Eye For Film >> Movies >> The Jackal (1997) Film Review
Reviewed by: Angus Wolfe Murray
Big stars don't guarantee anything. Remember The Devil's Own? An updated remake of Frederick Forsyth's best-seller, with Bruce Willis and Richard Gere sounds seductively bankable. Edward Fox, for all his icy shmooze value, is no match in the role of international hitman. An English ex-public school weapons expert, hired to bump off General de Gaulle, pales in comparison with a closet gay master of disguise, who carries around a gun the size of a tank barrel.
Willis is contacted by an exiled Russian Mafia boss (David Heyman) to kill an American VIP in revenge for his brother's death at a botched FBI sting in Moscow. Bruce asks for some absurd fee, like $28 million, and gets it. Meanwhile US intelligence twig to the fact that The Jackal (Willis's nom-de-guerre) is on the prowl and heading Stateside.
Sidney Poitier, looking good for a guy who must be collecting his pension, is head of the intelligence team. He does a deal with Richard Gere, playing yet another sympathetic IRA terrorist (when will Hollywood wake up to Ulster's murderous legacy?), incarcerated in an American jail. In the past he came in contact with The Jackal and might have an insight into the way his mind works. In order to join Poitier's cracked corp of undercover agents, he is temporarily released and allowed to practice his dodgy accent at top level meetings.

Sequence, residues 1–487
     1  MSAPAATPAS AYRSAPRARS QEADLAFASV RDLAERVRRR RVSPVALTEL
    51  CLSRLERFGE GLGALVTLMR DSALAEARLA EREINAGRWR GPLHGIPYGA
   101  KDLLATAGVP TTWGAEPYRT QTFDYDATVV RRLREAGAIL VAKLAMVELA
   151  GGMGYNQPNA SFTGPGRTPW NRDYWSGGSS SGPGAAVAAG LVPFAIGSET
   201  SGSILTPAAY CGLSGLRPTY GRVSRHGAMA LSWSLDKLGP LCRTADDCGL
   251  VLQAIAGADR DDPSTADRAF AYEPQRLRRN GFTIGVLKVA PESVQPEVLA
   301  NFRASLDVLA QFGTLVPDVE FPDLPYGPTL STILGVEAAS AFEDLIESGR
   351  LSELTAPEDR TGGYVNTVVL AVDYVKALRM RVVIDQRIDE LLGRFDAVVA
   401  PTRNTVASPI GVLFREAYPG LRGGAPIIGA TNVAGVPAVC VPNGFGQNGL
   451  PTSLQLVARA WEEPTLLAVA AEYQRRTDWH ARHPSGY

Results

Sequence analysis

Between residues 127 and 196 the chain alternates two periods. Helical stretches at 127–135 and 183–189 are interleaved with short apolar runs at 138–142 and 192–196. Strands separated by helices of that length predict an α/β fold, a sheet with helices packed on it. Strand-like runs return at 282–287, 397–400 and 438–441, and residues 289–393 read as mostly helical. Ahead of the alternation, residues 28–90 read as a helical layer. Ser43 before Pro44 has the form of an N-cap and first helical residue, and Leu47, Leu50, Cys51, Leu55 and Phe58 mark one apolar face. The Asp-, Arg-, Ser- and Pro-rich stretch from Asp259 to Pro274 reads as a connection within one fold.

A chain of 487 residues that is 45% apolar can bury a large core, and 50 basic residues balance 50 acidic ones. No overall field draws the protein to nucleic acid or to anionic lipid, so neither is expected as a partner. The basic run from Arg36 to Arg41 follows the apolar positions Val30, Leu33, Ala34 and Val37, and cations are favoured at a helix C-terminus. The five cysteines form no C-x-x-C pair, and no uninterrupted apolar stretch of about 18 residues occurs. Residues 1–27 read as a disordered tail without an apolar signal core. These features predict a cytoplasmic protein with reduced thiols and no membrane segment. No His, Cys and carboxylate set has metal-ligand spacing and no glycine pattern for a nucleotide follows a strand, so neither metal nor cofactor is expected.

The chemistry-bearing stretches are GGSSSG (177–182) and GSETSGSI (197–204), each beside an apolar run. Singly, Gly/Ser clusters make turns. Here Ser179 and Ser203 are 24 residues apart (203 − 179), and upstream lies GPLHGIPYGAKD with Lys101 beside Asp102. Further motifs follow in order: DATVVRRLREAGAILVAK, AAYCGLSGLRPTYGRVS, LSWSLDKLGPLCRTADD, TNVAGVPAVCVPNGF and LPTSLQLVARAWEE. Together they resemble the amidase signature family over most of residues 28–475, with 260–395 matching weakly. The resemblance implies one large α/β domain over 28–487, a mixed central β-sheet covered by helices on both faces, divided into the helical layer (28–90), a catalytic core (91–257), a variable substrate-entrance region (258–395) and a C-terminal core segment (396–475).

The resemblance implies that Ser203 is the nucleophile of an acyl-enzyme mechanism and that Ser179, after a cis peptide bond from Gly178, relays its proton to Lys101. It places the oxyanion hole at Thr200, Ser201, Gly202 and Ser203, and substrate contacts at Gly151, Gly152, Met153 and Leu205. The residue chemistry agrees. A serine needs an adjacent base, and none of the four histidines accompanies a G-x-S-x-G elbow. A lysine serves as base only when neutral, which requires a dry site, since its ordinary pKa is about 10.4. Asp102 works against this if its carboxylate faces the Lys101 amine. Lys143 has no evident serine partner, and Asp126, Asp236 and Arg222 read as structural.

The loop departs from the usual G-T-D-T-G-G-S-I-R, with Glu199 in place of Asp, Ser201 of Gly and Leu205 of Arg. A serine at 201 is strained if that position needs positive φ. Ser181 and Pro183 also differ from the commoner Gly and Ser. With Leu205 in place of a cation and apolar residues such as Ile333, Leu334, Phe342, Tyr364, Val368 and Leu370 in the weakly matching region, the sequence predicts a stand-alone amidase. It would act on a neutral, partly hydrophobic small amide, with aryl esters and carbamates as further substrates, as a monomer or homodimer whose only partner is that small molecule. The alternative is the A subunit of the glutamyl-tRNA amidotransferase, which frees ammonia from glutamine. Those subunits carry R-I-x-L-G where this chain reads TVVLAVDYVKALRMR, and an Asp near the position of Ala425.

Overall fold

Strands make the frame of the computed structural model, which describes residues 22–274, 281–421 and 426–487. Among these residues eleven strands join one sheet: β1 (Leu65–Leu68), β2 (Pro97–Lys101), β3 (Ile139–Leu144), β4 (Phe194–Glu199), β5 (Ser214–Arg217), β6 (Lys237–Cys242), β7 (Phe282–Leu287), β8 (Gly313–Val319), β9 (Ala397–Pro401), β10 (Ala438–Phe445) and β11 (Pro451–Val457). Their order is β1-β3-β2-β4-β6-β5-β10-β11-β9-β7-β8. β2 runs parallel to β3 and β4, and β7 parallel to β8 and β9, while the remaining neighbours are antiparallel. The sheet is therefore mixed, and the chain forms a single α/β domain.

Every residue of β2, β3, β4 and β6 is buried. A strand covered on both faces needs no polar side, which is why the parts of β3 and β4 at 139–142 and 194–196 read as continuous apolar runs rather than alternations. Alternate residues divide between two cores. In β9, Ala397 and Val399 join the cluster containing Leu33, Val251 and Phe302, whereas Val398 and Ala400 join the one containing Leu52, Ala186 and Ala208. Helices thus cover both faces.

Bruce is always one step ahead, which keeps tension levels low. He travels light, except for The Gun that needs a crate and an invisible team of make-up artists who apply quick change disguises off screen. Gere's value is debatable. His suggestions are either too late, or fluky guesswork.
Willis has a fun time. His snog in the gay bar with a simpering White House civil servant is almost worth the price of the ticket (only kidding!). Otherwise he swans about doing what he wants, while Dick and Sid keep losing the place. When assassination time comes, you don't care whether he hits or misses. As long as it's over quickly.Reviewed on: 19 Jan 2001